Wyoming, $799,195 for public
safety projects.
In its application to DCED, the
city said the project “is specifical-
ly designed to ‘reknit’ the frayed
urban fabric of downtown
Wilkes-Barre.”
At full occupancy, the Universi-
ty Corners was expected to cre-
ate between 60 and 115 full-time
jobs, the application said.
The downtown Wilkes-Barre
project has a combination of re-
tail and residential components
that have since been sold to sep-
arate owners.
Above the storefronts sit 21
condominiums that make up the
Elevation Lofts on Main devel-
oped and managed by Susque-
hanna Real Estate of York. Eigh-
teen of the lofts have been sold.
Part of the state grant was usedto
soundproof ceilings of the retail
space so that loft residents would
not hear noise of business being
conducted below.
The work on the retail space
began in 2009, and the first of 10
payments made to the city for re-
imbursement to contractors was
made in December of that year.
The last payment was made on
July 29.
The payments totaled
$982,370, and 60 percent of that
went toward completion of the
planned Irish pub.
According to records provided
by the DCED, infrastructure
work on the Irish pub cost
$591,042.
of Wyoming were the other two
contractors onthe project that re-
ceived payments for work done
on other retail space.
In the email comments from
the city, McLaughlin said the
“possibility” of an Irish pub was
discussed by Geary, but the im-
provements to the space make it
suitable for other tenants.
The city is awaiting the time
when that and the other spaces
are filled, McLaughlin added.
“The city has a realistic expec-
tation,” he said, “that once the
economy completes its recovery,
there will be any number of po-
tential business ventures that
will enhance South Main and
Northampton Streets and build
upon the existing foundation of a
thriving downtown business dis-
trict whether it be restaurant, re-
tail, or other merchant opportu-
nity in University Corners.”
AIMEE DILGER PHOTOS/THE TIMES LEADER
The mezzanine features a window wall.
CORNERS
Continued from Page 9A
The first floor of the University Corners property.
DALLAS – Cymbals valued
between $1,800 and $2,000
were reported stolen during a
burglary Saturday morning
from Wayne’s World music
store at 419 Memorial High-
way.
Matthew Pall, an employee,
said store surveillance
showed a car pull up around
3 a.m. and a rock was
thrown, breaking the front
window. A male dressed in
black reached inside and
grabbed 10 Zildjian cymbals
from a display rack.
WILKES-BARRE TWP. –
Police are investigating a fire
Friday afternoon that spread
from a camper to other vehi-
cles in John’s Auto yard on
Augusta Street.
Township fire chief John
Yuknavich said juveniles were
seen running from the area.
A state police fire marshal
was scheduled to investigate.
Ashley and Laurel Run fire
departments assisted at the
fire scene, said Yuknavich.
WILKES-BARRE - City
police reported the following:
• Robyn Hoban of Terrace
Drive, Mountain Top reported
Saturday night her purse was
stolen from her vehicle while
it was parked on South Penn-
sylvania Avenue.
• Michael Whitest was
arrested Saturday afternoon
on entering the fenced-in yard
of Sherry Guy on High Street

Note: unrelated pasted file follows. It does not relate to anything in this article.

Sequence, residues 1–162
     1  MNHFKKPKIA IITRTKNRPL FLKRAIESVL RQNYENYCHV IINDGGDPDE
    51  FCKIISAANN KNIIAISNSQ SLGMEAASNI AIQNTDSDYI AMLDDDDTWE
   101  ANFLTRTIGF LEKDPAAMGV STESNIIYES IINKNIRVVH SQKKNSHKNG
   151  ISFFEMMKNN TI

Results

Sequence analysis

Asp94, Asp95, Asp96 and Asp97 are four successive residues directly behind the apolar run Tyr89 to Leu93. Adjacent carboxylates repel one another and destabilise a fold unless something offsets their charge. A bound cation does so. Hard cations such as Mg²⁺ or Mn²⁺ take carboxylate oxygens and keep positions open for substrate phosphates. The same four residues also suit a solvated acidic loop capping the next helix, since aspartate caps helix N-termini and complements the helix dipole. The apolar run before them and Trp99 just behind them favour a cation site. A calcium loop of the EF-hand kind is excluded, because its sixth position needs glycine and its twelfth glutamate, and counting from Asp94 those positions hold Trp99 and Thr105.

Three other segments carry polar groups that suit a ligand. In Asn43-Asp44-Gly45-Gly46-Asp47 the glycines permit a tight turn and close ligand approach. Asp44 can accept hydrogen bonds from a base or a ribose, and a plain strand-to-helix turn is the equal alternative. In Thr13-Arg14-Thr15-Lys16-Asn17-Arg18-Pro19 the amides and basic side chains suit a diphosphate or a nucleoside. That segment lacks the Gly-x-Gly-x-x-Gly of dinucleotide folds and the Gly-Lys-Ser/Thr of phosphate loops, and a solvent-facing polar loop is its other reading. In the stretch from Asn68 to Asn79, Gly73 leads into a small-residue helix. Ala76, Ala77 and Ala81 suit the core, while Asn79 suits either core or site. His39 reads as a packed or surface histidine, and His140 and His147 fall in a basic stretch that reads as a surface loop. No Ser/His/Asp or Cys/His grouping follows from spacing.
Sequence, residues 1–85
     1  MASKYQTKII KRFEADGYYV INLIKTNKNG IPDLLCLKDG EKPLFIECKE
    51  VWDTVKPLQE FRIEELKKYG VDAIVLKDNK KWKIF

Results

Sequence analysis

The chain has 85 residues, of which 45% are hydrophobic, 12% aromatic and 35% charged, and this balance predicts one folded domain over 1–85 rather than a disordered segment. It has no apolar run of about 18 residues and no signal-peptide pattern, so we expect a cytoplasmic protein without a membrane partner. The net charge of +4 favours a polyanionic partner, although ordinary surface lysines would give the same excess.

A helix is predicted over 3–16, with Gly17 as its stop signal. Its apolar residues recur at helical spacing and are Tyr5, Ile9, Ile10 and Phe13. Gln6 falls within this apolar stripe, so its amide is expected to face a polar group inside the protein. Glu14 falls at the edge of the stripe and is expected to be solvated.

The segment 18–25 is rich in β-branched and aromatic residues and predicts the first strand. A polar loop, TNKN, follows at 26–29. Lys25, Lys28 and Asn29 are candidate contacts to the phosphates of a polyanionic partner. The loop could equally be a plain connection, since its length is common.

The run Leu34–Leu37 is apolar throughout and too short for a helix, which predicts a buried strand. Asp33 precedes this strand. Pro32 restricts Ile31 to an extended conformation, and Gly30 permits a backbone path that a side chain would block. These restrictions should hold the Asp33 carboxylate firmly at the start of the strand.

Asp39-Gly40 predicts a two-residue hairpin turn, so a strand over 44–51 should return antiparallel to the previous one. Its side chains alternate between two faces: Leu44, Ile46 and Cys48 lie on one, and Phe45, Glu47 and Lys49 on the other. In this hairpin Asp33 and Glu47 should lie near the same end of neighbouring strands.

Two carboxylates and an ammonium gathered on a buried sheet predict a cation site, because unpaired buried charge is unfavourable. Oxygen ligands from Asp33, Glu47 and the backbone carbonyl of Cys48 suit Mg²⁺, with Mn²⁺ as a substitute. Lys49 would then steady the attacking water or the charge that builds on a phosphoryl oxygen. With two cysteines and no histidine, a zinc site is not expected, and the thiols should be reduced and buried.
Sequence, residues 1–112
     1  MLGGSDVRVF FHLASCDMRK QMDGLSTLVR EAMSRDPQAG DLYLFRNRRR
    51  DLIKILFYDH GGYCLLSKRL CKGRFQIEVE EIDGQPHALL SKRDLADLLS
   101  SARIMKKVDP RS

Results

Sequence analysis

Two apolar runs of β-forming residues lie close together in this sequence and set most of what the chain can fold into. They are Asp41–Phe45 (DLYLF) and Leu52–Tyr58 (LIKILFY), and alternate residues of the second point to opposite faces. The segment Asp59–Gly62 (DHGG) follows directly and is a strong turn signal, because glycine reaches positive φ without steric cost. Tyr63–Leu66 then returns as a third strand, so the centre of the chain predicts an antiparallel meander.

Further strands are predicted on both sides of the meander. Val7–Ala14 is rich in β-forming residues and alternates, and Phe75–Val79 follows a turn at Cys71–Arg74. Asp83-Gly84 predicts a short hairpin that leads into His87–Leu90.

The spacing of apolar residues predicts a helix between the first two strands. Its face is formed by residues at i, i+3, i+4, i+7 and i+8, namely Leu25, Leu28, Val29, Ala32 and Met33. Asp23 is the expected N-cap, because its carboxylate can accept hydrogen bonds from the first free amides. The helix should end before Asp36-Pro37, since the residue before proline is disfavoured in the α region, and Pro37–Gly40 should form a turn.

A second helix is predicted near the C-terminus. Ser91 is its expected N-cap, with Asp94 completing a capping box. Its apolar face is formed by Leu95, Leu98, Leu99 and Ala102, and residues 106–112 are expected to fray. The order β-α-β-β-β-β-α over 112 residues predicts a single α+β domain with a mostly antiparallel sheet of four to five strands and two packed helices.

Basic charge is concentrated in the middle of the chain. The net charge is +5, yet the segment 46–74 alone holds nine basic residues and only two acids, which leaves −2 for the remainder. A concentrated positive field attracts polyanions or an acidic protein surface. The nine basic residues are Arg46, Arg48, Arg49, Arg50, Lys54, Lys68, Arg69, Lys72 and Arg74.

without her permission.
Whitest will be charged with
criminal trespass.
• A gunman robbed the
Rite Aid Pharmacy on Amber
Lane Thursday night. The
man came to the register and
demanded money. He had a
handgun and left the store
with cash. The gunman is a
black male in his mid 20s
and approximately 150
pounds. He was wearing a
gold or tan hooded sweatshirt
and blue jeans.
POLICE BLOTTER
K
THE TIMES LEADER www.timesleader.com SUNDAY, NOVEMBER 20, 2011 PAGE 13A
➛ O B I T U A R I E S
The Times Leader publish-
es free obituaries, which
have a 27-line limit, and paid
obituaries, which can run
with a photograph. A funeral
home representative can call
the obituary desk at (570)
829-7224, send a fax to (570)
829-5537 or e-mail to tlo-
bits@timesleader.com. If you
fax or e-mail, please call to
confirm. Obituaries must be
submitted by 9 p.m. Sunday
through Thursday and 7:30
p.m. Friday and Saturday.
Obituaries must be sent by a
funeral home or crematory,
or must name who is hand-
ling arrangements, with
address and phone number.
We discourage handwritten
notices; they incur a $15
typing fee.
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H otelBerea vem entRa tes
825.6477
Happy 50th Birthday In Heaven
THOMAS
NORVELL JR.
11/20/61 - 6/22/11
Your beloved Cathy Huk, Children,
Grandchildren, Godchildren, Sisters
& Brothers and family & friends
Missed, loved & always in our hearts
RIP
In Loving Memory Of
Harry J. Butchko
6/30/24-11/20/10
It’s been a year now that
you have been gone and not a
day goes by that you are not
thought about and missed.
We love you Dad.
Sadly missed by Wife, Sons,
Daughters, Grandchildren
and Family
BROSKOSKE – Ronald, funeral
services noon Monday in the
Stanley S. Stegura Funeral Home
Inc., 614 S. Hanover St., Nanti-
coke. Divine Liturgy at 12:30 p.m.
at Transfiguration of Our Lord
Ukrainian Catholic Church, Ha-
nover Section of Nanticoke.
Friends may call today from 4 to
7 p.m. at the funeral home. A
Parastas Service will be held at 6
p.m. by the Rev. Roman Petrysh-
ak.
GIRVAN – Frank, funeral 9 a.m.
Monday in the Hugh P. Boyle &
Son Funeral Home Inc., 416
Wyoming Ave., Kingston. Mass of
Christian Burial at 9:30 a.m. in St.
Ann’s Chapel, Kingston. Friends